Hate crimes are a direct result of a nation's population scrambling to join tribes based on race, gender, religion, and political affiliation, and these in turn splinter into sub-tribes. Such tribalism is possible in a nation that has abandoned reason and objective law, and a contest ensues in which the various tribes jockey in politics and fiat power to become the dominant and ruling group at the expense of all others.
Novelist/philosopher Ayn Rand about tribalism:
Tribalism (which is the best name to give to all the group manifestations of the anti-conceptual mentality) is a dominant element in Europe, as a reciprocally reinforcing cause and result of Europe’s long history of caste systems, of national and local (provincial) chauvinism, of rule by brute force and endless, bloody wars. As an example, observe the Balkan nations, which are perennially bent upon exterminating one another over minuscule differences of tradition or language. Tribalism had no place in the United States—until recent decades. It could not take root here, its imported seedlings were withering away and turning to slag in the melting pot whose fire was fed by two inexhaustible sources of energy: individual rights and objective law; these two were the only protection man needed.
As the scope of government power grows, so do the number of "tribes" grow to protect themselves from it or to demand a share of it or simply to clamor for a granting of special privileges and status. Today there innumerable tribes locked in constant warfare in response to government power: smokers vs. non- and anti-smokers, gays vs. heterosexuals, blacks vs. whites and/or Asians, Hispanics vs. whites and/or blacks, cyclists vs. motorists, developers vs. conservationists, Christians vs. atheists, and, most prominent of all, Muslims vs. all non-Muslims, and especially Jews.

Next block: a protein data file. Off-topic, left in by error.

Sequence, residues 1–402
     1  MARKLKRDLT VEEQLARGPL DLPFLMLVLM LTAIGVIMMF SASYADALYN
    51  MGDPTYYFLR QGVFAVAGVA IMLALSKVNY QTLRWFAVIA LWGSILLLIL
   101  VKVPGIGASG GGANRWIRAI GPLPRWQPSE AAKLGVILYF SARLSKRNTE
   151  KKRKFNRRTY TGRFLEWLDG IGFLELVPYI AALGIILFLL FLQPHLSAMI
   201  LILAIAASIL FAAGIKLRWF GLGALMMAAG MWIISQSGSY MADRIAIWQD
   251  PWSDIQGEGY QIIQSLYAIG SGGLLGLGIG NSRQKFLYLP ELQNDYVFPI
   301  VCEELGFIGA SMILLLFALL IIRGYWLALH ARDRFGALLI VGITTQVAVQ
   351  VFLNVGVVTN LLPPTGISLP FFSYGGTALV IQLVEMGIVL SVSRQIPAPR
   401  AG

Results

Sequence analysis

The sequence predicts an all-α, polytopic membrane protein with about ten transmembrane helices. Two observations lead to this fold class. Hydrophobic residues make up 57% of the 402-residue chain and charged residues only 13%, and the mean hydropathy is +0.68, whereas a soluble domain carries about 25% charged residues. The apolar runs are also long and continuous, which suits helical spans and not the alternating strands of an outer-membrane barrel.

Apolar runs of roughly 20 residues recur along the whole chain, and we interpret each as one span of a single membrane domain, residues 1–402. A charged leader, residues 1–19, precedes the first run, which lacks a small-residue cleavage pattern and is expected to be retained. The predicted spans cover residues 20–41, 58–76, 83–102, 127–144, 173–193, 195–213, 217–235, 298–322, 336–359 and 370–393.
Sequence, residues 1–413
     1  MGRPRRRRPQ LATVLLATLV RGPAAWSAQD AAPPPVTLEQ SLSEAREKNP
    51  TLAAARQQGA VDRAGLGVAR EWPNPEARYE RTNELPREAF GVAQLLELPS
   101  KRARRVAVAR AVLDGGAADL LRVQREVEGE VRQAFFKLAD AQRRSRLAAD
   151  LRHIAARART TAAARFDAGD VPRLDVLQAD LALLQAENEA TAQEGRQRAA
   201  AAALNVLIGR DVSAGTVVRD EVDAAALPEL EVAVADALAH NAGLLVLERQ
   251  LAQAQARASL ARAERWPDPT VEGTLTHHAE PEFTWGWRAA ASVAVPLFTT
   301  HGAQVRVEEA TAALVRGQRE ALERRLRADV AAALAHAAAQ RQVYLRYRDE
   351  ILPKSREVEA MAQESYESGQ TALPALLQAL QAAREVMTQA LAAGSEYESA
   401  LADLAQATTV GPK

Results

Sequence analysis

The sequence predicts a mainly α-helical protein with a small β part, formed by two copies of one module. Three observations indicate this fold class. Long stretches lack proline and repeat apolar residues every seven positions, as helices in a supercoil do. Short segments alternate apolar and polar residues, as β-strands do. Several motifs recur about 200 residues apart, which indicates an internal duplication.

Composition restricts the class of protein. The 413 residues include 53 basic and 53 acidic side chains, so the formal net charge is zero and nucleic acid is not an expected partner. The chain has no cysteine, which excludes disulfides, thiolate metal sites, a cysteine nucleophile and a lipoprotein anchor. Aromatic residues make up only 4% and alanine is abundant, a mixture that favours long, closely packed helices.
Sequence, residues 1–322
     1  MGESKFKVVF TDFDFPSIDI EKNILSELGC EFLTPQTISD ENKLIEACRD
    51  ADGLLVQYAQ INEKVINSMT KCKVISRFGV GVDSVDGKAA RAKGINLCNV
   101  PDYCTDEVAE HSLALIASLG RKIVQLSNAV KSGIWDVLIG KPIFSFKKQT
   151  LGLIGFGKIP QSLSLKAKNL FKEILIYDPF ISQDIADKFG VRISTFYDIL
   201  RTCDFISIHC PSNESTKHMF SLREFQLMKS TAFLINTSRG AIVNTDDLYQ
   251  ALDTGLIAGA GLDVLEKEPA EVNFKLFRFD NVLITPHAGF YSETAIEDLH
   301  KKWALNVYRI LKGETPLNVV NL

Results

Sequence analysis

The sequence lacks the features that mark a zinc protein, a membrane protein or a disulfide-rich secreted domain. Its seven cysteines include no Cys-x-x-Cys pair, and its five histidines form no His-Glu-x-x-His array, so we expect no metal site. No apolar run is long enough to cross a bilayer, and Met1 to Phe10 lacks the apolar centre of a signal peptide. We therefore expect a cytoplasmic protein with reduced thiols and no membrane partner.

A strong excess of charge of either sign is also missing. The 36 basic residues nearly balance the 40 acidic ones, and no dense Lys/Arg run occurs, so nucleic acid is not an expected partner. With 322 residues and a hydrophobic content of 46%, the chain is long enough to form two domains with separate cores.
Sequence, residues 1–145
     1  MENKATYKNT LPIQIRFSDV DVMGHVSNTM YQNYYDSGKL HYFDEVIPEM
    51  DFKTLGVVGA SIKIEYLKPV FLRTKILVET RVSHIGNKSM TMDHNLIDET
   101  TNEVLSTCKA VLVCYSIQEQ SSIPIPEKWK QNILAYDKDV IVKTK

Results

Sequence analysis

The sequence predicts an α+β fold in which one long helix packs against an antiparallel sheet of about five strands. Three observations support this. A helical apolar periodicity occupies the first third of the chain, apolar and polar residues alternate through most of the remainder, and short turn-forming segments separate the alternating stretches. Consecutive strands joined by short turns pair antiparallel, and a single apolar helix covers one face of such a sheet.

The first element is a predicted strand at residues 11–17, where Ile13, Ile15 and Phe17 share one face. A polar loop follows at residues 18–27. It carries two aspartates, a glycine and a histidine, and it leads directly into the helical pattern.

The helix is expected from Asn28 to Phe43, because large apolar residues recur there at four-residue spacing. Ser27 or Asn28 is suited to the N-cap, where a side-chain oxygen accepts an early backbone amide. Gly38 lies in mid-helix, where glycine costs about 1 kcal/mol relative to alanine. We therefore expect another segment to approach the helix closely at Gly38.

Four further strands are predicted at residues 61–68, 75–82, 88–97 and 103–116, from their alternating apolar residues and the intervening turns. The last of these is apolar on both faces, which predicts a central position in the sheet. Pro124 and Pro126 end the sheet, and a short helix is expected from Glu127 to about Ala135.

The last category is particularly vicious because Islam is a totalitarian ideology naturally comfortable, in Sharia law, with the notions of "hate speech" and "hate crime," because the growing ubiquity of such notions in U.S. secular law helps to insulate Islam from Western norms while its activists follow an agenda of conquest or stealth jihad. And, the New Black Panthers offered a $10,000 bounty for the "capture" of George Zimmerman, which is in addition to race hustlers like Al Sharpton and Jesse Jackson calling Zimmerman's shooting of a black teenager "racist" and fomenting racial strife.
(It is noteworthy that neither the government nor courts nor the MSM is willing to charge black activists with "hate speech" or "hate crimes." Vociferous black activists are now a "protected" tribe able to slander, libel, and promote malice with impunity.)
As "hate speech" focuses on the written or spoken word (or on "forbidden" images of Mohammad), "hate crime" focuses on thought, whether or not it is spoken or written. You can be sure that the Council on American-Islamic Relations and other Islamic front groups will be looking for ways to exploit the Rutgers precedent. And is certain that ambitious censors in government, such as Cass Sunstein, the "Speech Czar," will also be on the alert for opportunities to silence critics of the current administration based on the Rutgers verdict.
The Rutgers verdict against Ravi does not auger well for the state of criminal justice. Together with the vile notion of "hate speech," "hate crime" is another assault on man's mind.
*"Tribalism," in Philosophy: Who Needs It," p. 42.